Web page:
Saturday, April 17, 2010

Photos from "Living to Paint/Painting to Live" at PSU

Some images of the wonderful work created by my PSU students this weekend in "Living to Paint/Painting to Live". The students outdid themselves on their creative projects for the class!
The class covers the lives and work of Sofonisba Anguissola, Renaissance Italian painter and Artemisia Gentileschi, Baroque Italian painter.

Tammy's piece in process,
inspired by Judy Chicago's place setting
for Artemisia in The Dinner Party

Roxanne's standing piece for Sofonisba,
featuring text by Sofonisba and a burnt-out heart,
referencing the artist's marriage for love in middle age

Stephanie usually makes functional ceramics, but
today she made her first sculpture, of Sofonisba

Pam created her first pastel painting--Artemisia from the artist's self-portrait

Pamela referenced Sofonisba's black clothing and white collar, along
with Sofonisba's style of painted hands. In the center, Sofonisba
winks at us, which refers to the artist's visual wit and coded messages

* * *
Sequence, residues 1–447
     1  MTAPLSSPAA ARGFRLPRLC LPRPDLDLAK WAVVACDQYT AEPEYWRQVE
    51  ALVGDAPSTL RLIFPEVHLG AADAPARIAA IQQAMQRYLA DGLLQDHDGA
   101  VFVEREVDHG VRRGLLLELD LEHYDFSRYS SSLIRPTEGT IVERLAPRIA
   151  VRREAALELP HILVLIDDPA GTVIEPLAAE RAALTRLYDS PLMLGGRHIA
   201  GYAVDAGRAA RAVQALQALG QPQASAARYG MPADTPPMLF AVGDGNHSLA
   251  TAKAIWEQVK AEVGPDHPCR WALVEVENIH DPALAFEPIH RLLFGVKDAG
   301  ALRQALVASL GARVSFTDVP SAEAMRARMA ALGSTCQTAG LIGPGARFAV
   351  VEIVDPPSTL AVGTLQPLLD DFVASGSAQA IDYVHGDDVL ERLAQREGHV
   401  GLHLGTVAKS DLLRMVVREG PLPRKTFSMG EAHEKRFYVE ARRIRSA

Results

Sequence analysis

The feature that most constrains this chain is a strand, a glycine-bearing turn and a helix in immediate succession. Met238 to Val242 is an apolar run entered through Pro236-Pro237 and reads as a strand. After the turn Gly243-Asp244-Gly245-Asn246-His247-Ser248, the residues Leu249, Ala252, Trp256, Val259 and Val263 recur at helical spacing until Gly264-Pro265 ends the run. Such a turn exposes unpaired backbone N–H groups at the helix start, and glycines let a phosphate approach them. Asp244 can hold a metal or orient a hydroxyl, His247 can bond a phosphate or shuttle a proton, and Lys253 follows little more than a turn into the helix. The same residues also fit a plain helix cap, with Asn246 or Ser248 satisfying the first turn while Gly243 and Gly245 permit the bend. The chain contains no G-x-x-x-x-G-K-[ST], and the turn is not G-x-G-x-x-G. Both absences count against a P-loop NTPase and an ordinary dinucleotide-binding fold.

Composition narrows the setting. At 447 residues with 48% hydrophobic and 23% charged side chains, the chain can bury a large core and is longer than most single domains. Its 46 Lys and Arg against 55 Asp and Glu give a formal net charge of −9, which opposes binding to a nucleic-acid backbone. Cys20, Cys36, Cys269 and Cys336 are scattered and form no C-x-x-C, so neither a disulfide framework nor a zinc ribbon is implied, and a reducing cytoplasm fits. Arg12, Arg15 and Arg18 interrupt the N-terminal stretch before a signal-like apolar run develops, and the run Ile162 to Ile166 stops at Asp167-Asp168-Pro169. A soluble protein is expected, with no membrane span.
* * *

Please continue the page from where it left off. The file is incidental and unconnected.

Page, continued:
Monique's collage contains symbols of the wide eyes with which
Sofonisba viewed the world, and the expressive eyes and faces
that populate her paintings. The blue waves symbolize the ocean
where Sofonisba met her future husband, whom she married for
love against familial and political pressure

Monica created these altered book pages for Artemisia, the
blue referencing Artemisia's self-portrait as "The Allegory of Inclination"

Heather painted this pastel portrait after one of Sofonisba's self-portraits

Karleah's piece combines collage and original drawings in honor
of both Artemisia and Sofonisba.

Gail painted her first picture ever for this piece to Sofonisba

DeeDee created this collaged and painted piece for
Artemisia. The painted face on the left shows Artemisia's
strength, while the prone figure on the bottom represents
Artemisia's attacker, Agostino Tassi, in the guise of Holofernes

I'm sure some of these names mean little or nothing to the readers of this blog, but my hope is that some of you may be inspired to check out the work and lives of these two remarkable women. Here are some places to start for Artemisia Gentileschi and Sofonisba Anguissola.

1 comment:

Dot Hearn said...

Thank you for sharing these. They are all amazing! I love seeing the students' own reactions to the two artists and their work. The students are very creative, too.

Nice :-)